Weapons in Nightclubs

Safety is one of the greatest concerns you have as a Security Staffer. Working in a dimly lit, noisy environment, full of semi- to heavily intoxicated individuals of every possible background should be enough to make anyone sweat a little. Add to that the reality of your job being to limit liability in said environment and you can see why not many people work in the field for very long. We have written in much detail about the dangers of the job and what you as a professional can do to mitigate the risks. But one subject has not been broached until now:


I’m not talking about weapons being carried by Patrons, but weapons being carried by people on Staff.

Before I get too deep into the subject, let me say this: everyone has their own opinions about carrying weapons – regardless of type – and the use of said weapons in a dangerous situation. When I say “weapons” I mean any tool that can be used in an offensive or defensive capacity, whether it be a flashlight or a gun. I am not here to advocate one way or another. I am here to point out the dangers of possessing/carrying a weapon from a LIABILITY standpoint, and things that you should take into account should you decide to carry a weapon.

Every city, county, and state in the Union has their own laws governing the carry, possession, and use of weapons while on the job. Before you consider whether or not to carry a weapon, you MUST research the laws and ordinances in your city/county/state. Just because a Manager or another Security Staffer says, “Oh, that’s alright everyone here carries xxxxxx” DOES NOT make it legal. You could be setting yourself up for serious trouble should you break the law in this respect. Do your research and if you are not comfortable with your understanding of the law, either ask an attorney or DON’T CARRY A WEAPON.

Should you decide to carry a weapon, there are a few questions you should ask yourself:


Are you carrying to make yourself feel safer or does the job call for you to be armed? If the job calls for you to be armed, are you comfortable working in an environment that necessitates a weapon? Chances are if the environment calls for weapons, it is a step above your basic bar and grill. Or maybe it is just a matter of fact that weapons are carried by the Staff in this particular establishment. Either way, why are YOU carrying a weapon?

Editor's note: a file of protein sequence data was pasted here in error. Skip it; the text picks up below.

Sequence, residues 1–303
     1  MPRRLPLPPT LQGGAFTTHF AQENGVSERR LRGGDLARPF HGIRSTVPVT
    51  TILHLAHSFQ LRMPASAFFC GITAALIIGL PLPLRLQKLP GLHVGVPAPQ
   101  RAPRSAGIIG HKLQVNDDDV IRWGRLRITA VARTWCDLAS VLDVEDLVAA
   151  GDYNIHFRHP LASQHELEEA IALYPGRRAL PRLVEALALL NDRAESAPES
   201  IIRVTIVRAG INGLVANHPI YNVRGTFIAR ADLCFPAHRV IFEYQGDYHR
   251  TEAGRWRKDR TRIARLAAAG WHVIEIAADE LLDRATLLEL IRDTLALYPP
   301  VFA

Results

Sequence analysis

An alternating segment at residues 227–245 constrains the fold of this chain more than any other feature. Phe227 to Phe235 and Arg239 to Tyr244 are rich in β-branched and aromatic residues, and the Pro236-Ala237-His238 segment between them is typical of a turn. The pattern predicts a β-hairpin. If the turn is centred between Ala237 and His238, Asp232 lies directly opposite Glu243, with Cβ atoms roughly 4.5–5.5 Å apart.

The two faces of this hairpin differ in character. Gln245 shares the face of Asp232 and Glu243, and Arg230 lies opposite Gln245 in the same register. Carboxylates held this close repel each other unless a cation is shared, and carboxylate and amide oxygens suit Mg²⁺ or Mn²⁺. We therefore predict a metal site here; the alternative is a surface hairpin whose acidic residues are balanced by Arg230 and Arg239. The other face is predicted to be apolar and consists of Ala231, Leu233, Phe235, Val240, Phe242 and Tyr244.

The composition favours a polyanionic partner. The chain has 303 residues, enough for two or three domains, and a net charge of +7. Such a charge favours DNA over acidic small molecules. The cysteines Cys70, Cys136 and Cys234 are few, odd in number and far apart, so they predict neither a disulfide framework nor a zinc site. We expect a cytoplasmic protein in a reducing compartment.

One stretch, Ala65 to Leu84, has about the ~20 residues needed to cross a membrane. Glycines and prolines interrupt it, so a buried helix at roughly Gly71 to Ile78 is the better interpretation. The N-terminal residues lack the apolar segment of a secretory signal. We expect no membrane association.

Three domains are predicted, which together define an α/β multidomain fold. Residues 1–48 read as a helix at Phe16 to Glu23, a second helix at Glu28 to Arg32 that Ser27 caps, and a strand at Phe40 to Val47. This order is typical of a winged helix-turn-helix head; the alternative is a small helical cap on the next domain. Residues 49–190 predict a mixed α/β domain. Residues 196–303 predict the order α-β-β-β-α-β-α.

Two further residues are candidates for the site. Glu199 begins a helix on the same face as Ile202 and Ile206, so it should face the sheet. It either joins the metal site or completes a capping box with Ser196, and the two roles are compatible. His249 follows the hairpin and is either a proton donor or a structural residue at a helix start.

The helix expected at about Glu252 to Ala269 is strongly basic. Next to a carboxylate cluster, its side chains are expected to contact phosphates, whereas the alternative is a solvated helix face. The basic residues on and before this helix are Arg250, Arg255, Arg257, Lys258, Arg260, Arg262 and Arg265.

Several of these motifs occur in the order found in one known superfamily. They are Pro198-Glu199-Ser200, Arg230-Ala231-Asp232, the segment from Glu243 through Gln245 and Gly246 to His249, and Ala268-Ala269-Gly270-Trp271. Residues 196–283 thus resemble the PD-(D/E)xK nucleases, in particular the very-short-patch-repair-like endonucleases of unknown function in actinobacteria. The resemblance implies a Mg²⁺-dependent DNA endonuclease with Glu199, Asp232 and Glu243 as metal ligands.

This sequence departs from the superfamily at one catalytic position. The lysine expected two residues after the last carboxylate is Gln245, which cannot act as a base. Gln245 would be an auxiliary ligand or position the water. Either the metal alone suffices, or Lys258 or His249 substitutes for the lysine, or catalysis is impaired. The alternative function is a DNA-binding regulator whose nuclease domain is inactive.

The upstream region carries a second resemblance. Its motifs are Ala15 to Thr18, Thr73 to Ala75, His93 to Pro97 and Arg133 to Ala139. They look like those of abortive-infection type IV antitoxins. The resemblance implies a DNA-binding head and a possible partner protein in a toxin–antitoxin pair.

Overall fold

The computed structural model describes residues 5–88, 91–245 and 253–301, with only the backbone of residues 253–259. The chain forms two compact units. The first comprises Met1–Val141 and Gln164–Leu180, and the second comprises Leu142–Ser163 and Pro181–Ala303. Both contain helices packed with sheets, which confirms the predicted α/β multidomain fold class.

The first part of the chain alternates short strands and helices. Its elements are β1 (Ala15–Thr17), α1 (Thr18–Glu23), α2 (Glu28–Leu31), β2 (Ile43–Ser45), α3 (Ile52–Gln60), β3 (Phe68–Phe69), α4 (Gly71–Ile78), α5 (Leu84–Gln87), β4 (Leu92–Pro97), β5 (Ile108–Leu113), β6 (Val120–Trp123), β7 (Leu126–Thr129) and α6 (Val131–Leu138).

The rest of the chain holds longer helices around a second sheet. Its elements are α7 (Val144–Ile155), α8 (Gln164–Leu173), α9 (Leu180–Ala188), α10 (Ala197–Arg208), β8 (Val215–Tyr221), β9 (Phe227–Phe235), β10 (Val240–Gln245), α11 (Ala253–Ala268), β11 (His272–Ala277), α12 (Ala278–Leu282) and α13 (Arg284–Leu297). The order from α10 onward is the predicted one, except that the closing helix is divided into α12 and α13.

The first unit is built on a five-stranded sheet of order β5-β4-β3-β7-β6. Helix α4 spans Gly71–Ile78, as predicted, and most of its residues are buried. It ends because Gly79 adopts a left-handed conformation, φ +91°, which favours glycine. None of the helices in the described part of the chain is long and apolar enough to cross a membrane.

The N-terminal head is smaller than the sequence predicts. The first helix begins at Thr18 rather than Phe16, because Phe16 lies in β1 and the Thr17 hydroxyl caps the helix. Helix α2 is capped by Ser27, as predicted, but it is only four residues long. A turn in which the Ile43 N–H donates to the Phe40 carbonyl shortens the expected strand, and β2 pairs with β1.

Are the people around you also armed, and if so, do you feel comfortable being around them? You might have serious reservations about some of your co-workers carrying any type of weapon. If this is the case, you may want to reconsider your place of employment.


There is a big difference between carrying a heavy flashlight and mace and carrying a handgun. What are the Polices and Procedures when weapons are carried by the Staff?What type of weapon is required for the job? Are you providing said weapon or is your employer? If your employer is providing the weapon, what type of insurance are they carrying? What type of insurance are YOU carrying? Remember, we are talking about liability here. Who has the coverage should something go wrong?


If your employer is providing the weapon, where is it being stored? Are the weapons accessible to the public or just the Staff? Will you be carrying the weapon with you at all times or checking it in and out of somewhere? Are you bringing the weapon with you, and if so where can you store it?


How is the weapon to be used? Most important, do you actually know HOW to use the weapon? A lot of people carry knives, batons, or handguns for security work with only the minimum necessary training. I would HIGHLY suggest that if you are one of these people, you start to train constantly, consistently, and under duress. Whacking a tree in your back yard, shooting at the range, and playing with your knife in your bedroom are far different than accessing and using your weapon while under pressure in an adrenalized state. Learn to use what you carry.


When do you imagine that you would need to use your weapon? Without venturing too far into the Use of Force continuum, at which point would you be comfortable using a weapon? There are very few situations in which use of a weapon is needed or called for in a nightclub environment. That just the plain facts. As a matter of fact, I would proffer that if you need to use your weapon, something has gone horribly wrong or you have not done your job correctly. Can things go horribly wrong? Absolutely. But I am betting that with good Situational Awareness, a little Verbal Judo, and a bit of Scenario training, you can be prepared to meet 99% of situations with a clear head and without using force OR a weapon. Heaven forbid you access and use you weapon, only to have something like this happen.

I want to make it clear that I am also writing to those of you who carry a knife or pocket stick or tasers or whatever. Should you use a weapon, there WILL be an investigation. And even if the law falls on your side, that doesn’t mean the damages you caused by using the weapon won’t be sought after in a civil case. You should very seriously consider the questions above should you decide to work while armed as well as the possible consequences should something “go south”